By Mary Elizabeth Dallas
FRIDAY, Jan. 27, 2017 (HealthDay News) -- Excessive weight gain during pregnancy has long been tied to a higher risk for obstetric complications.
However, a new study finds that strategies to help women limit their weight gain during pregnancy don't seem to alleviate these complications. The findings were presented this week at the annual meeting of the Society for Maternal-Fetal Medicine, in Las Vegas.
"While pregnant women should still be counseled against excess weight gain, additional measures may be required to reduce the associated complications," study lead author Dr. Alan Peaceman said in an SMFM news release. He's chief of maternal-fetal medicine in the department of obstetrics and gynecology at Northwestern Medicine in Chicago.
According to guidelines from the American Congress of Obstetricians and Gynecologists (ACOG), normal-weight women who are bearing one child (not twins) should gain 25 to 35 pounds during their pregnancy. Women who are already overweight before pregnancy should gain between 15 and 25 pounds during the pregnancy, and women who are obese before pregnancy should gain 11 to 20 pounds.
Weight gain beyond those recommended amounts is thought to be unhealthy for both the mother and the fetus.
In the new study, Peaceman's team sought to determine if efforts to curb excess weight gain in pregnancy might help lower obstetric complications.
For the study, researchers from Northwestern University randomly assigned 281 pregnant women who were overweight or obese to receive either typical obstetric care, or to receive additional help to limit the amount of weight they gained during pregnancy.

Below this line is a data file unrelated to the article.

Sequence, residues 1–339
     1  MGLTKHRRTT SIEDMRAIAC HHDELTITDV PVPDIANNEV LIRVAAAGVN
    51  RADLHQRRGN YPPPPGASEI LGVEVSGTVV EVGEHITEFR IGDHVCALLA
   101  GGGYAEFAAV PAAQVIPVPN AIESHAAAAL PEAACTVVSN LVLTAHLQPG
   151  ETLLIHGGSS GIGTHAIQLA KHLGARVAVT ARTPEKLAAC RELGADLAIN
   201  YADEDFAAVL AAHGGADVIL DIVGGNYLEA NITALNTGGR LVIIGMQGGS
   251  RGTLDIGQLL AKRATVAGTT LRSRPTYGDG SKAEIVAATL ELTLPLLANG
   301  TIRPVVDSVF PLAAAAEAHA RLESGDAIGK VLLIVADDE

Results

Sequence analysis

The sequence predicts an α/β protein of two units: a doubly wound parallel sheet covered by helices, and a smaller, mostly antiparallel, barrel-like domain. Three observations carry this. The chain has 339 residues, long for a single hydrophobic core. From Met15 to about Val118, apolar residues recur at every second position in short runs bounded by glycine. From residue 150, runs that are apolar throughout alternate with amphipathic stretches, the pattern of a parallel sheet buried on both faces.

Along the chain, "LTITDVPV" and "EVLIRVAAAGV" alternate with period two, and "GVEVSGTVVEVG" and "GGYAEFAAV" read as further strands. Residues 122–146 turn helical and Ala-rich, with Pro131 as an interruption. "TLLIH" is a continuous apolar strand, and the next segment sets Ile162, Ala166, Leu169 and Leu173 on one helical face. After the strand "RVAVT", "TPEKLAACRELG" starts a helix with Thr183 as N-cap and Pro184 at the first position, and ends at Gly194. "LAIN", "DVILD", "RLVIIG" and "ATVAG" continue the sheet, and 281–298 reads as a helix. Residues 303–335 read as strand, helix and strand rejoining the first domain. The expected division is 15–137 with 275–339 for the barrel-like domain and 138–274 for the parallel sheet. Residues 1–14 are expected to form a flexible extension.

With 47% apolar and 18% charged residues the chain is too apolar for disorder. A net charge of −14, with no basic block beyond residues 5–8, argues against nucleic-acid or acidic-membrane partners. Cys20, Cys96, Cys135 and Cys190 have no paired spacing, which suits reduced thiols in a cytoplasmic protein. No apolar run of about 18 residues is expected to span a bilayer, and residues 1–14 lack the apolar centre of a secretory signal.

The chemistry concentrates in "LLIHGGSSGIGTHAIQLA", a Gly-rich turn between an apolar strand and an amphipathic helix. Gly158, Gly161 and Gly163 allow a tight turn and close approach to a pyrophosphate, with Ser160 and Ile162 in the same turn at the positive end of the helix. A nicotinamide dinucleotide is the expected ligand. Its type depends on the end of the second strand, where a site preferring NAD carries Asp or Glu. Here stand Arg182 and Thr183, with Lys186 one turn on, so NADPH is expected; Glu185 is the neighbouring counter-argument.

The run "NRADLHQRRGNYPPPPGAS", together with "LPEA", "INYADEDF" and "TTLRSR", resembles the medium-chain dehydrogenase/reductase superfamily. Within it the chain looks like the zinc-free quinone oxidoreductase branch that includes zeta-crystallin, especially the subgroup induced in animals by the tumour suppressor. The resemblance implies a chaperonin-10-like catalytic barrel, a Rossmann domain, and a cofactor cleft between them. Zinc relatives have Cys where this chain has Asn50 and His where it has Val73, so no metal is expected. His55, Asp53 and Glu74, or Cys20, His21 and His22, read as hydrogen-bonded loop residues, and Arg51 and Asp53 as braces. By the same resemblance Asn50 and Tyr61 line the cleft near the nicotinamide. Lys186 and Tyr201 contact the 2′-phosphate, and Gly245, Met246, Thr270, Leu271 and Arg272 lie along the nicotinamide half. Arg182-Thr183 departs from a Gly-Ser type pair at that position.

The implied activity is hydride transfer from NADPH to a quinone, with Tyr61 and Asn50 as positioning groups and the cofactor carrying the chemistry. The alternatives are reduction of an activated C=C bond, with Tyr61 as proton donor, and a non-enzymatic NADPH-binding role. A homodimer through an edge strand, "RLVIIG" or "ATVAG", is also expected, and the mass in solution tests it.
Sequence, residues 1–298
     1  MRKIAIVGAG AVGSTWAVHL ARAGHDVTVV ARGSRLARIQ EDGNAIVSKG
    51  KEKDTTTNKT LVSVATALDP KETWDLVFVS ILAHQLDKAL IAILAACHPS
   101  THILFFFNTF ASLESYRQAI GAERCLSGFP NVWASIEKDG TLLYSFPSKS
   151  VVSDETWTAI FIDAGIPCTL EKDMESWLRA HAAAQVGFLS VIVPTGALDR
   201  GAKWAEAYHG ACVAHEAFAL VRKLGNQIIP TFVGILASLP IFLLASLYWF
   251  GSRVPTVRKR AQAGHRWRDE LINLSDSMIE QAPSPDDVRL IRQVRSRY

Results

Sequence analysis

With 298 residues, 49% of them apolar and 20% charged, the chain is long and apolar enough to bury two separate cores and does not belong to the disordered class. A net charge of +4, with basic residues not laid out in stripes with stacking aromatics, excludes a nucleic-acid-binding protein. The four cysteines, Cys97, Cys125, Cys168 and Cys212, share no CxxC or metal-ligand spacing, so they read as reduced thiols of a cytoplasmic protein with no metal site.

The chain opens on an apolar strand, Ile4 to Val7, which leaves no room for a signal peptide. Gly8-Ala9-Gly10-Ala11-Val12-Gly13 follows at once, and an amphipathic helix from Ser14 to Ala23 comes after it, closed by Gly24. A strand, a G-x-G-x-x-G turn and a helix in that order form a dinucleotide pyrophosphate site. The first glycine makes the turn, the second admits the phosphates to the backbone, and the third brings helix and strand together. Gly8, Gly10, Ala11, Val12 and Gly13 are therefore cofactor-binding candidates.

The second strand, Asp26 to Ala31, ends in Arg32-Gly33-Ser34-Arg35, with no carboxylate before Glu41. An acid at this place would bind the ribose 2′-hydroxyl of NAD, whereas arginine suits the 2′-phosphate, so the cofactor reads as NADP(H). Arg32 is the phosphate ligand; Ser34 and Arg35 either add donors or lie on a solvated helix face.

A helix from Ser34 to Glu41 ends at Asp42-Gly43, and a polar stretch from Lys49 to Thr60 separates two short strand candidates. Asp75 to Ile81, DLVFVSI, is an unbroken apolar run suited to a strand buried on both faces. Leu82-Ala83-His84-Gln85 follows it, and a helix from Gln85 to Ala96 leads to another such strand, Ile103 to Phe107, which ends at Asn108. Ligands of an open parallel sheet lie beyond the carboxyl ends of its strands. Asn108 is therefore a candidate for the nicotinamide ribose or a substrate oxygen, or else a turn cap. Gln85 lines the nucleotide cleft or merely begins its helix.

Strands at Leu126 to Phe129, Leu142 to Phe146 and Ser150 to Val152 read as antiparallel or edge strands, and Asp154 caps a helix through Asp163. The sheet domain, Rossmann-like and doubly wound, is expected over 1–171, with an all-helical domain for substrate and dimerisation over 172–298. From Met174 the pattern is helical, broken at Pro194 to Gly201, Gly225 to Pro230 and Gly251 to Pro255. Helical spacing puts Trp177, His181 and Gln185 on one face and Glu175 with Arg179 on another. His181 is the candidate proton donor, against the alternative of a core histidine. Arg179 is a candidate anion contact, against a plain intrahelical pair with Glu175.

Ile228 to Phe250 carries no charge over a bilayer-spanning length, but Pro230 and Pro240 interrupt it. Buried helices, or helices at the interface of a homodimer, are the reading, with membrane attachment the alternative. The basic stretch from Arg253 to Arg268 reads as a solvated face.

This intervention included guidance from a dietitian, guidance on physical activity and internet-based self-monitoring of eating habits.
According to the researchers, the intervention did work in one respect: The women gained much less weight during their pregnancy than the women who underwent routine care.
There was also a higher rate of C-sections among the women in the intervention group, the study showed.
"We know that obese and overweight women have poorer obstetric and neonatal outcomes than non-obese women," said Dr. Jill Rabin of Northwell Health in New Hyde Park, N.Y. "Again, the stage is set in many cases, before the pregnancy begins."
So while monitoring and curbing excess weight gain in pregnancy is important, obesity "may have affected the mother's cardiovascular and other vital systems long before [the woman] becomes pregnant," said Rabin. She is co-chief of the division of ambulatory care in Women's Health Programs-PCAP Services at Northwell.
However, Rabin also noted that major complications in pregnancy are relatively rare, so any benefit to the mother might not have been picked up in this relatively small study. Only a much larger trial might truly show if limiting weight gain in pregnancy helps prevent complications, she said.
Dr. Anthony Vintzileos is chair of obstetrics and gynecology at Winthrop-University Hospital in Mineola, N.Y. He agreed with Rabin that "we need to see studies with a much larger number of patients, and also studies testing additional interventions such as drug therapy," to truly determine if efforts to limit gestational weight gain can lower complication rates.
Research presented at meetings should be considered preliminary until published in a peer-reviewed journal.